Quantcast i24NEWS - 'Let Netanyahu do his job': Political allies come to PM's defense

'Let Netanyahu do his job': Political allies come to PM's defense

Le Premier ministre israélien Benjamin Netanyahu à Jérusalem le 11 février 2018
Key ally Moshe Kahlon signaled he does not intend to topple government in light of PM's corruption charges

Political allies of Israeli Prime Minister Benjamin Netanyahu came to his defense after police recommended charges of bribery, breach of trust, and fraud be brought against the prime minister in two corruption investigations into his affairs.

Key Netanyahu coalition partner Moshe Kahlon indicated he does not intend to bring about his downfall, hinting he will continue supporting the coalition government - for now.

“The law states that only the attorney general can make decisions regarding filing or not filing an indictment,” Finance Minister and Kulanu party head Moshe Kahlon said.

Kahlon also called on politicians from the coalition, as well as from the opposition, to let the police and the legal system operate “in an orderly, professional and balanced manner.”

"I call on everyone - left and right - to stop attacking police and the legal system,”

Jerusalem mayor Nir Barkat told i24NEWS everyone should let Netanyahu, as well as police, "do their jobs", after corruption charges him cast a shadow on the prospects of the government.

Members of the Likud and of allied parties have called police recommendations a "coup", asserting that members of the oppositions were trying to bring down the government through "undemocratic means".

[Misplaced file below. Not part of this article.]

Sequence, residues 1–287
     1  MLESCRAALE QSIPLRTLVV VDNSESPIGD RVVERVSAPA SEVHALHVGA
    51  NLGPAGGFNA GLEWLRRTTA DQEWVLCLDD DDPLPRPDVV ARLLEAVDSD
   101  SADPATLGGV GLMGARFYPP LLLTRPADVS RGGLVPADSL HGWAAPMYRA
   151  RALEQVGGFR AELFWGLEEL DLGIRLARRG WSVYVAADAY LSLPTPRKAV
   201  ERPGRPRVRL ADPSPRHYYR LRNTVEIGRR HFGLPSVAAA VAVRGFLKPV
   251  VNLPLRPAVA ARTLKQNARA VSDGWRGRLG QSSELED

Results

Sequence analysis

After recommendations were passed on from the police to the judiciary, Attorney General Avichai Mendelblit needs to issue an opinion, after which trials will be opened on the cases.

Education Minister Naftali Bennett, another important coalition partner for Netanyahu's tight Knesset support base of 61 MKs over 120, has showed restraint after the police recommendations postponing any comments to Wednesday.

AP Photo/Sebastian Scheiner

Yair Lapid, the Chairman of the opposition party "Yesh Atid" ("There is a future") party, called for Prime Minister Netanyahu to step down following the charges of bribery, fraud, and breach of trust were endorsed by police on Tuesday.

"Even if he is not technically obliged to resign under Israeli law, a person facing such heavy accusations cannot continue to serve as Prime Minister, and be responsible for the security and well-being of Israeli citizens," he added.

Another opposition MK, Dov Boris Khenin from the Arab majority Joint List which also opposes Netanyahu, said the Prime Minister should immediately resign in light of the corruption charges.

Police said Netanyahu should be indicted in two different cases levelled against him.

Case 1000 centers on suspicions that Netanyahu received gifts such as expensive champagne and cigars from wealthy businessmen including film producer Arnon Milchan and Australian casino mogul James Packer, in exchange for favorable government treatment.

In Case 2000, police are reportedly examining conversations with newspaper proprietor Noni Mozes, which revealed an alleged quid pro quo' arrangement with the Yedioth Ahronoth publisher to limit circulation of the newspaper's main rival in exchange for more favorable coverage.

“When the police say the Prime Minister has taken bribes, it is impossible to think what other red lines can be crossed before he has to step down from power,” Khenin said.

Meanwhile, it emerged how opposition leader Yair Lapid testified in one of the two investigations which led to recommendations for Netanyahu's indictment.

Zehava Gal-On, the leader of opposition party Meeretz, said Netanyahu's coalition partners should forsake him unless they want corruption charges to impinge on their reputation too.

"They should show Netanyahu the door, otherwise his corruption will stick to them as well," she said.


8Previous articleNetanyahu vows to continue to lead Israel despite indictment recommendations
8Next articleState Department says police recommendations against Netanyahu are 'internal matter'